(urth) This Week in Google Alerts: _Home Fires_, 1982 roundtable

Marc Aramini marcaramini at yahoo.com
Sun Jun 9 18:08:12 PDT 2013

--- On Sun, 6/9/13, Stephen Hoy <stephenhoy at yahoo.com> wrote:

From: Stephen Hoy <stephenhoy at yahoo.com>
Subject: Re: (urth) This Week in Google Alerts: _Home Fires_, 1982 roundtable
To: "The Urth Mailing List" <urth at lists.urth.net>
Date: Sunday, June 9, 2013, 5:05 PM

Taking a moment to piggy-back a few thoughts atop Marc Aramini's several posts about _Home Fires_.

In the first chapter of _Home Fires_, Skip Grison mentions the last two cases he personally handled. One case involved a jewelry wholesaler, the other involved a cyborg murder. We learn later that John J Weyer is the client in the cyborg murder. The Weyer name reminds us of Alden Weir in _Peace_, but also suggests Johan Weyer, the student of Dutch alchemist Cornelius Agrippa. An interaction with Weyer may have provided an opportunity for any memory manipulation on Grison, whether it was a removal or an addition.

In the final chapter, Wolfe introduces a character named Martha Watson who married Vic Ott. At the coffee shop, Chelle "reminds" Martha of someone she went to school with, mentioning a few details that shows the two were quite close. Chelle recognizes her former schoolmate but doesn't identify herself. It's a seemingly unplanned meeting. When Skip arrives, he seems a lot younger than the same-aged Martha. From various info found as early as Ch 1 Greetings, we can estimate Chelle’s subjective age would have gone up by two years and a hundred-day or so. “Twenty-five” is her present age, "forty-nine" for Skip. Hardly seems plausible that Martha had a spark of recognition that failed to ignite in the presence of such a familiar trigger. Moreover, Skip is robust, but Martha carries herself as a lost, lonely, helpless widow of someone 20 years older. Curiously, Skip and Martha don't recognize each other--and it's not clear that they should. Even so,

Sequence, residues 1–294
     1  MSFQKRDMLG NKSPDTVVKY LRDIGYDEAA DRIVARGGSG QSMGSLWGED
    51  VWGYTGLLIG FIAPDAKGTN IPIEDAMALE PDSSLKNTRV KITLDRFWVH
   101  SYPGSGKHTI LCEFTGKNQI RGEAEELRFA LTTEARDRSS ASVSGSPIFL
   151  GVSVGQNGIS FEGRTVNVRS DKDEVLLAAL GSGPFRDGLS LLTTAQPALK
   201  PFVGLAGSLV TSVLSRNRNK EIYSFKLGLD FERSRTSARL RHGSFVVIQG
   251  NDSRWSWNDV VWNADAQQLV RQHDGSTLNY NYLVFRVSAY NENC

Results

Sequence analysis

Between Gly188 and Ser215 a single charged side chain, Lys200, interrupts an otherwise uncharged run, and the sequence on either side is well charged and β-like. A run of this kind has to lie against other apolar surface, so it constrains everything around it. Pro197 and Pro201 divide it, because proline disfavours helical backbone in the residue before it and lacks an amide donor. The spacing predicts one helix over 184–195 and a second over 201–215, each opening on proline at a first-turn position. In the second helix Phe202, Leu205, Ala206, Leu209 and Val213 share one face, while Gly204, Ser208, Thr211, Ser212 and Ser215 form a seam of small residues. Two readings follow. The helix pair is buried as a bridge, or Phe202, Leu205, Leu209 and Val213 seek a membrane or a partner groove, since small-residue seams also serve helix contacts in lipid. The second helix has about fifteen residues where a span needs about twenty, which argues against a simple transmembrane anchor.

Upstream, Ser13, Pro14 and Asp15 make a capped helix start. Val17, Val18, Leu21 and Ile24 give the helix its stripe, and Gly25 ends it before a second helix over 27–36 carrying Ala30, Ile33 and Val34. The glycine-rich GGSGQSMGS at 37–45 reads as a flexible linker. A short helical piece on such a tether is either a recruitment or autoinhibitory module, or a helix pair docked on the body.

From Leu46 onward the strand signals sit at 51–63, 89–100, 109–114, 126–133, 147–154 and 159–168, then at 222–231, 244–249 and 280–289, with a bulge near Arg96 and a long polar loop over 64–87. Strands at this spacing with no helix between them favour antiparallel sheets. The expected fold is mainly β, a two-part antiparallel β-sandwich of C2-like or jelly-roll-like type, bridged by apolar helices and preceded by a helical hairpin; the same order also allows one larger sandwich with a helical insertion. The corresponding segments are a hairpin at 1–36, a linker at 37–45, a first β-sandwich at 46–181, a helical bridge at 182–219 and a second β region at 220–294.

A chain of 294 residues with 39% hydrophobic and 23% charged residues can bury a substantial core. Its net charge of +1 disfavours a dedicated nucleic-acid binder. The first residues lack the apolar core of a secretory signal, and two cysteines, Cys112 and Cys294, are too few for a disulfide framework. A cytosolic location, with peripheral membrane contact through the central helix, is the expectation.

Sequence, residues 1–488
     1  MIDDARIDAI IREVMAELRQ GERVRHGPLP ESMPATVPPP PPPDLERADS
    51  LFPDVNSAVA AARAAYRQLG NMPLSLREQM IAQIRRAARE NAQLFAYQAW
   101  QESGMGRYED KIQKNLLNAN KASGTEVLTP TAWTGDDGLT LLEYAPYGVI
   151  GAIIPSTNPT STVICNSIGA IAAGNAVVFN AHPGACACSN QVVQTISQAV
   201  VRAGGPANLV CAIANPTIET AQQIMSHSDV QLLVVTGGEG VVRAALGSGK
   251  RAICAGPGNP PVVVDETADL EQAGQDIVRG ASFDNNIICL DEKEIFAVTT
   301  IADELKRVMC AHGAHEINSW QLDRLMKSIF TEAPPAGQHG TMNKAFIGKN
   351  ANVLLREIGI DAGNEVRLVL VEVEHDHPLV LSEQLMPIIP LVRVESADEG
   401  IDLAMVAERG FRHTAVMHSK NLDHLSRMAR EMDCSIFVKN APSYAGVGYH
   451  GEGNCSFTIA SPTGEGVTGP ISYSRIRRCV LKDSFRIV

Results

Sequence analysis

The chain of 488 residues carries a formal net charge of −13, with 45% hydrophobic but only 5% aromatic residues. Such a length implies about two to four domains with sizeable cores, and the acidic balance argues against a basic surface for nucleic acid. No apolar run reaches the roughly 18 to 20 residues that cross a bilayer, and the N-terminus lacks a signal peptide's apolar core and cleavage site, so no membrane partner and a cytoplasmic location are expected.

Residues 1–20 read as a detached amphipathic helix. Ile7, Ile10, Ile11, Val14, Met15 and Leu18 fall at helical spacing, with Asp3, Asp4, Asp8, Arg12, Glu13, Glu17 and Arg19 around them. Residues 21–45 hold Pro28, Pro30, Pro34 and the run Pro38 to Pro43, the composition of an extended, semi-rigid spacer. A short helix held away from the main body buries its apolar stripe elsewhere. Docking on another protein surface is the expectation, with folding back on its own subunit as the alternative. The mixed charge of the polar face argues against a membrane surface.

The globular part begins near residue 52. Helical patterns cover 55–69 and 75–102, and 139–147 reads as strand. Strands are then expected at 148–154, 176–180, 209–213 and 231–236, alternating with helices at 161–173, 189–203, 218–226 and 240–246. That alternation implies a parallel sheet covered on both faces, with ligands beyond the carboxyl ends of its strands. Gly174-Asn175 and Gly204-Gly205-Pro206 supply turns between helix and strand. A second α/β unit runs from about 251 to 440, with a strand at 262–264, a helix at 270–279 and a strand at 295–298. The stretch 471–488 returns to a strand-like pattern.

recognition memory is the most robust, so we have to suspend our disbelief that both Chelle and Skip have changed so significantly that their combined presence would not have transported Martha into a Eureka moment. 

On a slightly different tack, when I re-read _Home Fires_ a few months ago, I jotted down what I thought were the key sentences of each Reflection. These are direct quotes cut and pasted from the e-book.

Reflection 1
We sleep, and we believe we wake in the minds we carried into bed with us....We wake, and compose ourselves with a new mind (if some other does not compose it for us)....we construct a new mind and call it our own. And yet the personhood, the soul remains.
the bodily identity of Skip and Blue are problematic.  At the start, Skip thinks that Charles Blue must most probably be dead, but then considers what use he can put him to, or what use Charles would put him to (and stating Charles would have to pay - he describes him as a ruthless man.)  However, it does say that Chelle had inherited the blue eyes from the man who is looking at her at the very end, but then it calls him "the man who was no longer her father".  Searching for Coleman Baum gets Zygmunt killed, certainly.  Yet whenever Skip ponders something and there is no definitive solution, maybe we should wonder at it too.
For example, he theorizes the explosion that rocked the ship was from an explosive device Rick Johnson found below, but there is no definitive conclusion offered as to the nature of the explosive device.  He also wonders where Chelle's mother went after Chelle is rescued and Rick Johnson blows up - wondering what Blue and the mother could have been up to alone, perhaps implying there could be time for something like the deeptrance to convince the mother that the man is in fact her husband.
Blue is called fat and moon faced in Chelle's dreams and flashbacks - is this lean old man with his beard the same man?  

What caused the explosion?  How autonomous is Skip from Blue, Rick Johnson, and Susan?  Why did Susan originally join the suicide ring, unless she knew something she really couldn't handle?  what was Vanessa's couch slashed open for? Why does Achille disappear twice when the action heats up?  Identity is always problematic in Wolfe, but I don't think most of the mysteries are actually solved by Skip's cross-examinations, especially concerning Blue, whom he forgets not once but twice after he runs into him (And Blue's stories of coming to the room to save Chelle in the manner in which he did are kind of ridiculous)
Susan does say that Skip makes one mistake in his assumptions about that room where Rick Johnson was killed.  It involves either the number of accomplices or the number of weapons in the room - and Skip comes to the conclusion that Blue must have had a concealed weapon he did not use.  Is this in fact the correct explanation?
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